evidence submitted for the first time in a reply, as Google attempts to do here. See Brennan v. AT&T Corp., No. 04-CV-433-DRH, 2006 U.S. Dist. LEXIS 8237, at *25-27 (S.D. Ill. Feb. 8, 2006) (striking new declarations and "several exhibits" submitted with moving party's reply); Wike v. Vertrue, Inc., No. 3:06-0204, 2007 U.S. Dist. LEXIS 19843, at *21-22 (M.D. Tenn. March 20, 2007) (same); see also Wolters Kluwer Fin. Servs. Inc. v. Scivantage, No. 07 CV 2352(HB), 2007 WL 1098714 (S.D.N.Y. April 12, 2007) (same). Google includes several new screen shots in its Reply (Ciarelli Decl. Exs. D, E, F, G and H) screen shots that were not subject to cross-examination during the deposition of Google's declarant.2 Google plainly could have included this information with its opening brief. For instance, Google attaches a redacted screen shot of what it purports to be the "My Client Center" as part of its argument that TradeComet could have accepted the terms and conditions for each of its AdWords accounts through this single screen. Id., Ex. G.3 This "evidence" like the evidence Google submitted with its opening brief does not prove that TradeComet accepted the terms and conditions. In fact, it is directly contrary to Heather Wilburn's deposition testimony (Howley Decl., Ex. 10 33:23-25) that the terms and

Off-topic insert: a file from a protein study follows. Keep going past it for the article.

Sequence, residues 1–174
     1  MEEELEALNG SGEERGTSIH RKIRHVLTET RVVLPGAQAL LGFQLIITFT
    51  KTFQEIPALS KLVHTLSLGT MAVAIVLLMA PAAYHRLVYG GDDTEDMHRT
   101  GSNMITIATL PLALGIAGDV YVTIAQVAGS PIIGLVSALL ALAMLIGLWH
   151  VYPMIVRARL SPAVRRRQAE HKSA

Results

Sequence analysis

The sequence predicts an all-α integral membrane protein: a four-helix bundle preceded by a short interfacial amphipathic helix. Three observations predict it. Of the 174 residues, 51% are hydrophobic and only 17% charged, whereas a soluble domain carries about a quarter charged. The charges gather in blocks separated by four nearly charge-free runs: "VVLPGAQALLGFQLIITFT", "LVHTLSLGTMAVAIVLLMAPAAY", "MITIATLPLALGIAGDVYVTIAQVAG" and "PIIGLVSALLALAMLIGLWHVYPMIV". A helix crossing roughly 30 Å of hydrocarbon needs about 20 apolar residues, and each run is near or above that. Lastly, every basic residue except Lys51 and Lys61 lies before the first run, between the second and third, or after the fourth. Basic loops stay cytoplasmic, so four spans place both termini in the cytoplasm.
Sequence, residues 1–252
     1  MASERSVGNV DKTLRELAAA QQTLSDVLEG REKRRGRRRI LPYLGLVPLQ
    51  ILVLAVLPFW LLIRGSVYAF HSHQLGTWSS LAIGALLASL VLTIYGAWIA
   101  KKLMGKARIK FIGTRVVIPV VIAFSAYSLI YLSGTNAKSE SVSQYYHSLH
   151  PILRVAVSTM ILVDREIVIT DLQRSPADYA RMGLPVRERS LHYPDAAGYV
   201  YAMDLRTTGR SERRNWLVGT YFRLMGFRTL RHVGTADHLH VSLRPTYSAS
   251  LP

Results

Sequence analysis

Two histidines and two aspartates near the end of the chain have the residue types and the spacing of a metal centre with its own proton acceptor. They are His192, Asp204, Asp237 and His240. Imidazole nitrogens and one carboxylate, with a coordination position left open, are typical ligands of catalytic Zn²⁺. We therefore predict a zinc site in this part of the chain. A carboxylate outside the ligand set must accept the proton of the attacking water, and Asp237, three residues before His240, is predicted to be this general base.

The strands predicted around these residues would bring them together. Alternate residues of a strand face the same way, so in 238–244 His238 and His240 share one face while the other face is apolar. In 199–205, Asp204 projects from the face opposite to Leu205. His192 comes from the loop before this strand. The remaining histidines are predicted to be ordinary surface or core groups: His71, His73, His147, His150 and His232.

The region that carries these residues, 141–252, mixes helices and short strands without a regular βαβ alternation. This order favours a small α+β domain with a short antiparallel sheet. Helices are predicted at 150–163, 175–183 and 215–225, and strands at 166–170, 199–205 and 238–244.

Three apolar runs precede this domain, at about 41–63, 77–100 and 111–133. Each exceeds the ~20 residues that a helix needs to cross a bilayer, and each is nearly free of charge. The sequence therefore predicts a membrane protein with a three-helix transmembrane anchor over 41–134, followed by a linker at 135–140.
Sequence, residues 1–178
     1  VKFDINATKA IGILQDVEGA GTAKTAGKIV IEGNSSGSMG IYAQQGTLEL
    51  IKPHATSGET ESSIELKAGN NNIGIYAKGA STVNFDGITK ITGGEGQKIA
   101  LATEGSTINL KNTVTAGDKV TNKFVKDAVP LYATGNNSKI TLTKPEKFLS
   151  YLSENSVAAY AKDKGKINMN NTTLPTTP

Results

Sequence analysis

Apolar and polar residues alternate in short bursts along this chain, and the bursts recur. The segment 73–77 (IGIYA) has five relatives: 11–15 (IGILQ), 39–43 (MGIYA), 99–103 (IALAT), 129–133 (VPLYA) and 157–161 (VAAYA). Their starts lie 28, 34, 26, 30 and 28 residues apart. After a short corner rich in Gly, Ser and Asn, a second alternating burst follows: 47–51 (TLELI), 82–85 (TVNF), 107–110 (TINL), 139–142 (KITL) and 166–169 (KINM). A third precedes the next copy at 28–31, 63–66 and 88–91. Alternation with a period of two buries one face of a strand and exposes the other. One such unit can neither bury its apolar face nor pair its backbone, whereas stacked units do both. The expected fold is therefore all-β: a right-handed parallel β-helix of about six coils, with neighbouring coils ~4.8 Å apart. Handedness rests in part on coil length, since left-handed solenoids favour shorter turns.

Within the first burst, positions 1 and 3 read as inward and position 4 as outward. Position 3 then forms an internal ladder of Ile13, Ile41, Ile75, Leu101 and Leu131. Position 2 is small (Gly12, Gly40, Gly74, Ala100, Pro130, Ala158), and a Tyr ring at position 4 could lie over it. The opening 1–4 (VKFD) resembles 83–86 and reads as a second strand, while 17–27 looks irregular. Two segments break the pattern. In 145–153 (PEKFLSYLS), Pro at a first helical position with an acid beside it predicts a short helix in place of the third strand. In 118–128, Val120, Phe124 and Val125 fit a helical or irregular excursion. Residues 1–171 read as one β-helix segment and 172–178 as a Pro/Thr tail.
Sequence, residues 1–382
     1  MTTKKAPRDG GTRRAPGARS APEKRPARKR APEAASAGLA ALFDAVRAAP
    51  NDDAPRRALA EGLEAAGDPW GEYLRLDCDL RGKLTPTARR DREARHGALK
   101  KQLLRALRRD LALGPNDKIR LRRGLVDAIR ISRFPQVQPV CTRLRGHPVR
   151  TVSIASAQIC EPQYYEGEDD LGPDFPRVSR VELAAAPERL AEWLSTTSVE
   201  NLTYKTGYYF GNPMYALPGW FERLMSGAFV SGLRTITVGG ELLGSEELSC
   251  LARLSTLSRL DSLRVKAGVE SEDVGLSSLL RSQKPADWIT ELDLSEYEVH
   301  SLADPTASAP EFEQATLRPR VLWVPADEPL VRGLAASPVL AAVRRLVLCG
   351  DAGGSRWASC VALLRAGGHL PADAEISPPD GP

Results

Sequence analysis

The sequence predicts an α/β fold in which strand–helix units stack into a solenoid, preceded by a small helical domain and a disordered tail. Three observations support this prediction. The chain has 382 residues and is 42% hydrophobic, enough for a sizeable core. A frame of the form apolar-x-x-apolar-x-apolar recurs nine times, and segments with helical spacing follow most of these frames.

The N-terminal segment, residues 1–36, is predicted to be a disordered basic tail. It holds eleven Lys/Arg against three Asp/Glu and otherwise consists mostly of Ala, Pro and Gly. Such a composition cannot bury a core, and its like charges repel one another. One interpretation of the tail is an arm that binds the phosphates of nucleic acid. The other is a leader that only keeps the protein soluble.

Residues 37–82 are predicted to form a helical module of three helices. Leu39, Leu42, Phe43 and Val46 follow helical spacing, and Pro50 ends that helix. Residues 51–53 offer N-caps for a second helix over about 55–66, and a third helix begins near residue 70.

As it initially had done with other exhibits filed in this case, Google redacts substantial portions of the new exhibits relating to TradeComet's accounts without securing a protective order or identifying any other proper basis for the redactions. Google simply states that "Redactions have removed information not available to advertiser on the advertiser's on-line AdWords account interface." The exhibits are even more incomprehensible as a result of the redactions. Moreover, Google has not produced unredacted copies of the new exhibits to TradeComet nor, to the best of TradeComet's knowledge, has Google produced unredacted copies to the Court.